SUMMARY OF THE INVENTION

One object of the invention is to provide a method for rapid screening of diabetes.

Another object of the invention is to provide kits for rapid screening of diabetes.

These and other objects of the invention are met by the various aspects of the invention described herein.

The invention, in one aspect, provides a method for rapidly screening for diabetes, the method comprising the steps of: collecting a first tear fluid from a patient using a first tear-collecting device; assaying a specific amount of the first tear fluid to determine a first glucose concentration; administering orally a load of carbohydrate to the patient; collecting a second tear fluid, at a period of time of less than 50 minutes after orally administering of the load of carbohydrate, using a second tear-collecting device; assaying a specific amount of the second tear fluid to determine a second glucose concentration; comparing the second glucose concentration with the first glucose concentration to determine if the patient is likely to be a diabetic.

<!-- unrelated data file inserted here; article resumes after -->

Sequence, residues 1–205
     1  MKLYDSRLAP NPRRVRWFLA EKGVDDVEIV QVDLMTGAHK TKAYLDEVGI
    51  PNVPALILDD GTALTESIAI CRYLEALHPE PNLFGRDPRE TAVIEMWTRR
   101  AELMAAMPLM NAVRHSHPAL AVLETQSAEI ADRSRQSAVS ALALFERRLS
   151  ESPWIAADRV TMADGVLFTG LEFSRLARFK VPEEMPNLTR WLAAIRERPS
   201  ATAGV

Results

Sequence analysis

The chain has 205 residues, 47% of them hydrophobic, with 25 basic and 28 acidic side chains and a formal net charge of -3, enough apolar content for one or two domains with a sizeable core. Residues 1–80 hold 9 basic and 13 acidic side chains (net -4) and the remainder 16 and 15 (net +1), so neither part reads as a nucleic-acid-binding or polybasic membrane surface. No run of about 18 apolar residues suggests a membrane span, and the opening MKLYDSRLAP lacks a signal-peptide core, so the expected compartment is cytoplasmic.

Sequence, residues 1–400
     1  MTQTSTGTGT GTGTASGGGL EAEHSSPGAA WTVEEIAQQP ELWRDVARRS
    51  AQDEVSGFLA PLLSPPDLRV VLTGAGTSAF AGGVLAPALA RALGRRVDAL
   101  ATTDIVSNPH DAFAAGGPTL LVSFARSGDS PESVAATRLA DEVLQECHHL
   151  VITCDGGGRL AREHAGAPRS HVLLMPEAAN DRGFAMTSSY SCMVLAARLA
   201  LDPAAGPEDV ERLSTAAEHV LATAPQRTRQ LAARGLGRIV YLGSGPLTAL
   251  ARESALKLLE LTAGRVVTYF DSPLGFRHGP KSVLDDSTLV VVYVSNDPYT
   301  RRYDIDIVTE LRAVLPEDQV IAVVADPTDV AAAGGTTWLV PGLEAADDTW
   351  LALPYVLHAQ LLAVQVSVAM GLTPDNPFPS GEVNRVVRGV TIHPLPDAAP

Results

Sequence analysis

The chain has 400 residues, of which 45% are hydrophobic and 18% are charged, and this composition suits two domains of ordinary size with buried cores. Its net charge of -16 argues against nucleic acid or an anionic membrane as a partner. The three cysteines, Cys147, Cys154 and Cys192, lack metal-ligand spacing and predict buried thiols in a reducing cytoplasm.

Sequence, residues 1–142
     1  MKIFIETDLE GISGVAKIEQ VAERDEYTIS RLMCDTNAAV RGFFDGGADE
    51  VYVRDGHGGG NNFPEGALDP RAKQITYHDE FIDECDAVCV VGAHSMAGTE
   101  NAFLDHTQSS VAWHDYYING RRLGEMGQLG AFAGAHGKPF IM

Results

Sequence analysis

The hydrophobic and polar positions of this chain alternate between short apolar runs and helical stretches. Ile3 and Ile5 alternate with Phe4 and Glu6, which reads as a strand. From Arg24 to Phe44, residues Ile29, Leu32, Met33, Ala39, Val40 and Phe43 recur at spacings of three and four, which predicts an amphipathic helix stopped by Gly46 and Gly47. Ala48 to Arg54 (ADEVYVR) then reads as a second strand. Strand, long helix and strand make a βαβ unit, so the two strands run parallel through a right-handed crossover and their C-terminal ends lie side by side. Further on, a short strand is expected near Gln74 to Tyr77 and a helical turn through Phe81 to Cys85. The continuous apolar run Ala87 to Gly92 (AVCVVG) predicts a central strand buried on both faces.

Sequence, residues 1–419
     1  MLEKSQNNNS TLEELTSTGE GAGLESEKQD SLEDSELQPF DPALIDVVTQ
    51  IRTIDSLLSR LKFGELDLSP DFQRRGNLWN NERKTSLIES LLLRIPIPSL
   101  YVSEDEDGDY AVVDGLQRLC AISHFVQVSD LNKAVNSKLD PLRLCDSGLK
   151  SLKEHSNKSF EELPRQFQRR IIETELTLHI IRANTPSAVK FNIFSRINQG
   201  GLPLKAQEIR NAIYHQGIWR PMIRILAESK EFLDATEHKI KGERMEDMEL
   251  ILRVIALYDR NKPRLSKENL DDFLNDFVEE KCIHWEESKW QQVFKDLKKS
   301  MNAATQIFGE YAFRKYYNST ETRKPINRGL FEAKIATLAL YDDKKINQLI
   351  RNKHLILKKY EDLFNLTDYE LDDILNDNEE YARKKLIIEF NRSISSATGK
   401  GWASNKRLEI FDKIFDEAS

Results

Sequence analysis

The invention, in another aspect, provides a method for rapidly screening diabetes, the method comprising the steps of: contacting a glucose-sensing ophthalmic device with an ocular fluid, wherein the glucose-sensing ophthalmic device comprises a testing agent composition which specifically and reversibly interacts with glucose to form a detectable signal which changes in a concentration-dependent manner; determining by means of the glucose-sensing ophthalmic device a first glucose concentration in the ocular fluid; administering orally a load of carbohydrate to the patient; at a period of time of less than 50 minutes after orally administering of the load of carbohydrate, determining by means of the glucose-sensing ophthalmic device a second glucose concentration in the ocular fluid; and comparing the second glucose concentration with the first glucose concentration to determine if the patient is likely to be a diabetic.